So how do we dive into the unknown? How do we continue to strive and seek it despite the alluring and comfortably worn dip in our lounge that hugs our body as we curl up in the same spot, day in, day out? We must pry ourselves from this position, unstick our atrophied limbs and hurl ourselves outward. Out to the periphery of our experience. Caress the familiar texture of those walls, with all their thinly veiled safety and protection, and then choose. Choose to trust ourselves enough to dip our arms in.

What’s the worst that could happen?

Well, there is an element of risk in everything we do. We live with differing levels of accepted risk at all times. Is the risk worth the reward? We calculate most of these equations instantaneously. The risk of spending $5 on a morning coffee effecting my savings is oft overcome by my cravings, or want to take in a quiet moment of pleasure. A moment of pleasure might mean a step toward stress, sickness, or a divergence from what we truly want in our future (like a healthy bank account), so our future selves are deemed a worthy sacrifice. How many times do you regret the decisions you make? Can you ever avoid that? But, you know what you want – don’t you? So if you’re bound to regret some decisions, and you cannot avoid making them in the first place – why not take the risk? You’re bound to fuck up and some point anyway. May as well make it one wild adventure in the meantime.

I beg you then: DELVE INTO THE ABYSS!

…Witness that veil evaporate. Let fear shroud your vision not – the end of those walls signify the beginning. The immaculate conception of warped dreamscapes and surrealist splendour. Here is the birthplace where those seemingly ornate, elaborate, childish and unfeasible dreams of your life take tangible form. Seize your reality with zestful lust for life and curate the most ridiculous life you can concoct into reality. Get fucking weird. Breathe it all down deep into your lungs, let it fill you with life.

~ Welcome to the unknown ~

Here, the mirage of your limited experiences and the ruse of apparent contentedness dissipates. The only person to guide you is yourself. But this exploration never really ends. Possibilities of life tower and morph in unending revelry. Concepts fade in and out. Renewal is the only constant.

In this playground of imagination, we discover ourselves and our ability to flex and expand into a new self. One that seizes the cup of the unknown and drinks it willingly, trusted to harness whatever capacity is needed as a result.

I don’t believe your exploratory self ever dies. Although, maybe it becomes quietened by years of wilful ignorance. So it seems you have two choices; to strangle that voice until it recedes into fear based quiet, or to amplify it so that it proudly resounds through all the choices you consciously make.

bittersweet

I’ve never felt the gravity of that emotion until now. The sweet, promising, hopeful and abundant – as quickly as it lifts – it plummets into loss, grief, loneliness and uncertainty.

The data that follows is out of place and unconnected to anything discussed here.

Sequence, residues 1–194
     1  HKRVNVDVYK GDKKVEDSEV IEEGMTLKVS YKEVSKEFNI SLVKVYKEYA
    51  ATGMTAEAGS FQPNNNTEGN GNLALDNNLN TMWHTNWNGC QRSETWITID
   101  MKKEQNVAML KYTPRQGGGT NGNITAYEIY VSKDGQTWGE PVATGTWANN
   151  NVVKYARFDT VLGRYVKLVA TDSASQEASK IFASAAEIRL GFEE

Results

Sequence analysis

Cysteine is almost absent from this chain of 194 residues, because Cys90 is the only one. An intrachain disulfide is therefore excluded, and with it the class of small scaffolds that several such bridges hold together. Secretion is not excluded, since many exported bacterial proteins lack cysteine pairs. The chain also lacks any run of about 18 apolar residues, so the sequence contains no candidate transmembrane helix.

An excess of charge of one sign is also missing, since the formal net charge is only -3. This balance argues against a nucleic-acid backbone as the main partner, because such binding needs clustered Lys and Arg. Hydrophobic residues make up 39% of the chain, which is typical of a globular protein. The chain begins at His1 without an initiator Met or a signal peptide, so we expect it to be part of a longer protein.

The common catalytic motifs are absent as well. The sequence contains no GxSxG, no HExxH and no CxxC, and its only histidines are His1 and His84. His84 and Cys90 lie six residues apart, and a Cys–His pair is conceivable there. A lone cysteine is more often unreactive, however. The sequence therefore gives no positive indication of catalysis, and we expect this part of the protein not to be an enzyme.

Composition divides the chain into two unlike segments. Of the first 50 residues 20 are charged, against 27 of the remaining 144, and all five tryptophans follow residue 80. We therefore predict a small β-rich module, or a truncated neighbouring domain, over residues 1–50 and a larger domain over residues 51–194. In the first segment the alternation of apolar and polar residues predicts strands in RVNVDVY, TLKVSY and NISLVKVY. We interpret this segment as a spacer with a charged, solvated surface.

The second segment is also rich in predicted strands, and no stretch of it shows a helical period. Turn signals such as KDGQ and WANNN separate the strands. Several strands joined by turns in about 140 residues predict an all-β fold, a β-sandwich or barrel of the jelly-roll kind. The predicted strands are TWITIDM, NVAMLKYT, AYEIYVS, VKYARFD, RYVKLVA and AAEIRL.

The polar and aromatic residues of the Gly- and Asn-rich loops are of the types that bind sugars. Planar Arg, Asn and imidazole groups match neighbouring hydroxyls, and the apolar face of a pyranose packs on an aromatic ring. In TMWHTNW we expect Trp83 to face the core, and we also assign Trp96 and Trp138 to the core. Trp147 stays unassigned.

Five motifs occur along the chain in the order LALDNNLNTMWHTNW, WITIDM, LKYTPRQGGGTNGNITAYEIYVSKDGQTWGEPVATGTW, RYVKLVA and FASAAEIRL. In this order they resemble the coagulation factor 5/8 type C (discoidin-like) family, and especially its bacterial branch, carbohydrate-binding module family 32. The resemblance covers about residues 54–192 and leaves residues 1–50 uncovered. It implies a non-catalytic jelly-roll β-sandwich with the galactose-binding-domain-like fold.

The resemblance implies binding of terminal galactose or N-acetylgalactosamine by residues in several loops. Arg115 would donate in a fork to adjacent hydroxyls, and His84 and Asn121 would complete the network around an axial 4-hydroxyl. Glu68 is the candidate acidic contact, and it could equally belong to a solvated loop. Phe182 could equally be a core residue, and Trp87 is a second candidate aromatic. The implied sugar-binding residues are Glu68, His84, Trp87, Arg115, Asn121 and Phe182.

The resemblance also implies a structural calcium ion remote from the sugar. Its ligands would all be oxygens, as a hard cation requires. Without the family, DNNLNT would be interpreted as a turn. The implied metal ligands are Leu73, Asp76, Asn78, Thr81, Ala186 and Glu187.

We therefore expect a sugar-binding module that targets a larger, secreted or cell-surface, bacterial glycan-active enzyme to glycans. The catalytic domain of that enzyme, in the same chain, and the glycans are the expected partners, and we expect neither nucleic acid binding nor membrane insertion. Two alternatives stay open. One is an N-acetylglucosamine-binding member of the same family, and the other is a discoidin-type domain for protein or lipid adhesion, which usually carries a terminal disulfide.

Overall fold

Today I leave Australia indefinitely. It has been a trip 3 years in the making. All my belongings fit on my back and it’s as liberating as I hoped it would feel. Tears of joy and sadness mingle in my eyes and fall onto my shirt.

My plans are fluid and my heart is determined to remain open. Open to all the experiences, people and opportunities that avail themselves to me.

Finally! It is time to be immersed, so into the unknown I go. 

bubbles

In nakedness 
I gleam
A steaming hot glass
Pulled from scolding water
Suds glimmer
Sunshines kiss
Her firey rays
Ignite me
Bubbles for eyes
Glimpsing the blip
Of my brief time
And their reflection
Tells of our orb in the sky 
Absorption
A transient womb
Our colourful ball sustains us
Earth
To above
The air sweet 
With our deepest affinity
Our most magnificent dreams 
Tethering 
Temporary
Fleeting 
End.

Hey interesting person, what interesting thing did you learn today?

This is what I have set my phone to ask me, every night at 8pm.

Realistically, I’ve had a minimum of 12 hours to conjure up an answer to this question. My phone doesn’t care if I answer and obviously neither does anyone else. But I do. It’s a small way that I can keep accountable to myself in a way that is positive and constructive.

I suppose now more than usual, this kind of mental proactivity is useful in keeping our brains open and flexible to new information, no matter how minimal. It forces you to seek out all kinds of bizarre knowledge that you never knew you needed to know.

Small goals help create small habits. When compiled, these small habits lead to consistent behaviours.

Every person you meet knows something that you don’t.

That thought changed my interactions with people. It helped me give otherwise vexatious people the time and space to expose themselves more to me than I probably would have otherwise let them. Be it younger or older, more or less travelled, educated, whatever… the same principle applies: everyone knows something that you don’t.

So then, you may as well make what you know a little interesting. Get creative in acquiring your knowledge. Read books, listen to podcasts, learn a new word everyday, trawl through google or pluck up the courage to ASK SOMEONE – ANYONE – A QUESTION!

For you reading this, what interesting thing did you learn today?